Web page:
Sustainable Brand IndexTM is The Nordics largest brand study focusing on sustainability.
Based on more than 40 000 consumer interviews, the study maps out and analyses brands on sustainability from the consumer perspective.
Some 2018 essentials are:
- 72% of Danish consumers say that sustainability impacts their buying decisions
- 34% of Danish consumers are willing to pay a 10% premium for a more sustainable product alternative
The range of environmental and climate (E&C) risks — the E in ESG — is far-reaching. As defined by the Task Force on Climate-Related Financial Disclosures, E&C risks can include:
- “transition risk,” arising from the shift to a low-carbon economy
- “policy and legal risk,” associated with changing climate-change regulation
- “technology risk,” relating to the significant impact that technological improvements supporting an energy-efficient economic system can have on organizations.
A Berlin-based startup has developed technology that enables street lamps to be easily converted into charging stations for electric vehicles. Siemens has invested in this promising, new technology.More
Q: How does Reputation Institute quantify an intangible concept like corporate reputation?
A: Accurately. With a core team of incredibly smart data scientists and PhDs (read the white paper), a time and pressure-tested methodology, machine learning and artificial intelligence, but also, with a healthy dose of common sense.
At Reputation Institute, we define reputation as the emotional connection that stakeholders (consumers, investors, employees) have with a given company.More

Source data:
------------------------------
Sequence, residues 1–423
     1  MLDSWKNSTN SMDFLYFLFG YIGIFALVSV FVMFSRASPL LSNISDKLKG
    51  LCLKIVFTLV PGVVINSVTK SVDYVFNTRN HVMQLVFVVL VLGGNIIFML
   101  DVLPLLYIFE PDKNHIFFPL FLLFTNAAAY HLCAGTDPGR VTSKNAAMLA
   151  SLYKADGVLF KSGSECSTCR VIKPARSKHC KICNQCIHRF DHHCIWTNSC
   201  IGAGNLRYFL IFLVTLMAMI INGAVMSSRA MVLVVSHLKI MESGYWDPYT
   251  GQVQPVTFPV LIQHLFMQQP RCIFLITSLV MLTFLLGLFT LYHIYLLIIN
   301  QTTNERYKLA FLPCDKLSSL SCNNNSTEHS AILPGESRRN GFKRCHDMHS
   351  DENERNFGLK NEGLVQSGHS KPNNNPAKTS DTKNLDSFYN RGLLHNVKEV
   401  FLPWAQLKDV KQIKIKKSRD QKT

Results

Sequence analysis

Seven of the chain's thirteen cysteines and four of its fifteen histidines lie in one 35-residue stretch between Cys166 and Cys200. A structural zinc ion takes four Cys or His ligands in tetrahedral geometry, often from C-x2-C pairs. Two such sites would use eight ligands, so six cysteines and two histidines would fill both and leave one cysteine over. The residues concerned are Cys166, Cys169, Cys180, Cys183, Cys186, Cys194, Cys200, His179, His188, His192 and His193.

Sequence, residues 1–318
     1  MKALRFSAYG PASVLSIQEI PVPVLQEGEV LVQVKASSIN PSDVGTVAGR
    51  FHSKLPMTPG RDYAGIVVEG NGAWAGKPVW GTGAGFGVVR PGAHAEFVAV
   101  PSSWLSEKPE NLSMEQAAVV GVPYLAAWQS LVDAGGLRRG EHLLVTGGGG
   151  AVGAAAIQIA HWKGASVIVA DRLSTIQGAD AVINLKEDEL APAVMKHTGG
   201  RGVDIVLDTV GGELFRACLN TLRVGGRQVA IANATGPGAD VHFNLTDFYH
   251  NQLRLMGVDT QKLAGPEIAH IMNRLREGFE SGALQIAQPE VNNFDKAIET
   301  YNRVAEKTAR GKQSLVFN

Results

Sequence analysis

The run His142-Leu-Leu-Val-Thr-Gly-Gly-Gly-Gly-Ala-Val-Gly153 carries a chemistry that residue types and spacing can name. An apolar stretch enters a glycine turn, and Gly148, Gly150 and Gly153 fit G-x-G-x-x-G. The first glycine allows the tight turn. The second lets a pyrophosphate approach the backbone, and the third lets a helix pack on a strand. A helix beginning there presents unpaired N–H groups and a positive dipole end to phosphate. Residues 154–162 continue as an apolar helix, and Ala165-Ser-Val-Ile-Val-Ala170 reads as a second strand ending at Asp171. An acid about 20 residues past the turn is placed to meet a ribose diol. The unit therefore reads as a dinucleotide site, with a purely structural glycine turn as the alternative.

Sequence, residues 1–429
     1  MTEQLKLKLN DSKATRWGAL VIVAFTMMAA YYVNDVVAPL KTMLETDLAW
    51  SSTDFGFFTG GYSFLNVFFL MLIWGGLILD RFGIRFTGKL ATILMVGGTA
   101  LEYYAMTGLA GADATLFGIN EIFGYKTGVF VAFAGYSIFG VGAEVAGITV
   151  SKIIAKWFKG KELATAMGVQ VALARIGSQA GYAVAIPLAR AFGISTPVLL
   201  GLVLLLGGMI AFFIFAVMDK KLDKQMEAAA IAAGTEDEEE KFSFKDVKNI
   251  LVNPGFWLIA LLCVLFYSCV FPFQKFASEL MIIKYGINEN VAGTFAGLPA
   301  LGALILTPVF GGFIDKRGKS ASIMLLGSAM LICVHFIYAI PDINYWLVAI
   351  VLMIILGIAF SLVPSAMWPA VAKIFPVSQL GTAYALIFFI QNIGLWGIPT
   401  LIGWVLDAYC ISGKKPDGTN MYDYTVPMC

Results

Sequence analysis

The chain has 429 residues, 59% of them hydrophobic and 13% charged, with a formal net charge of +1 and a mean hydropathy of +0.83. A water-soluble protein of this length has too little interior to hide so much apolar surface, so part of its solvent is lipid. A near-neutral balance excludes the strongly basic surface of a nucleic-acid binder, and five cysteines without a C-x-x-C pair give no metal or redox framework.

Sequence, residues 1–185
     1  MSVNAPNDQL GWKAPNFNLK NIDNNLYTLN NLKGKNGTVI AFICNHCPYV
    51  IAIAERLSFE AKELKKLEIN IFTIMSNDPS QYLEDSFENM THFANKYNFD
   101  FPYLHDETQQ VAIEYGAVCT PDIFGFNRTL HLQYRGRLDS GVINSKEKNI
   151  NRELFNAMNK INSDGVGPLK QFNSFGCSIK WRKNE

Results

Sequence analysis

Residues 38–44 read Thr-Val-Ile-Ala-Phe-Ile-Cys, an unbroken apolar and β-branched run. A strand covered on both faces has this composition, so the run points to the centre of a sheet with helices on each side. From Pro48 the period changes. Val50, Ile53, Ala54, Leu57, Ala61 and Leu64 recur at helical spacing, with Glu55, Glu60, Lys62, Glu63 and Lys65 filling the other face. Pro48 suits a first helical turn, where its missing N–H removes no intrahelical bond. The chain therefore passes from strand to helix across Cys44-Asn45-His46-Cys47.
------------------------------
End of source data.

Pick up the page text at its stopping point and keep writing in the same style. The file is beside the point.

Corporate social responsibility (CSR) is a way organizations choose to contribute to make the world a better place; to demonstrate that they care for a purpose other than profit.More
Companies that excel in CSR receive massive levels of support, with over 90% of the general public willing to purchase their products or over 80% willing to give the company the benefit-of-the-doubt in a time of corporate crisis.
The bottom line: companies must deliver on more than just fiscal goals.More
As the world becomes increasingly politically polarized and some governments abandon sustainable initiatives, like US President Donald Trump’s announcement to pull out of the Paris Agreement in 2017, consumers are now looking towards CEOs and their companies to spearhead sustainability.More
Source: MIT Sloan Management Review, April 2018
Are Companies Succeeding at the SDGs or at “SDG Washing”?
When 193 member states launched the 17 Sustainable Development Goals (SDGs) at the United Nations in 2015, it was not clear how businesses could contribute to an agenda that covered such wide-ranging topics as eliminating poverty and hunger and promoting peaceful, just, and strong institutions worldwide.More
It is possible for business to be both sustainable and profitable — but some sectors have a smoother path than others.
Companies and investors are being asked to support the 17 Sustainable Development Goals (SDGs) for 2030 — what some have described as “the closest thing the Earth has to a strategy”— since the public sector alone does not have the resources to do so. At the same time, companies must create value for their shareholders to create the returns they need for their ultimate beneficiaries.
In essence, both are being asked to do good and do well at the same time.More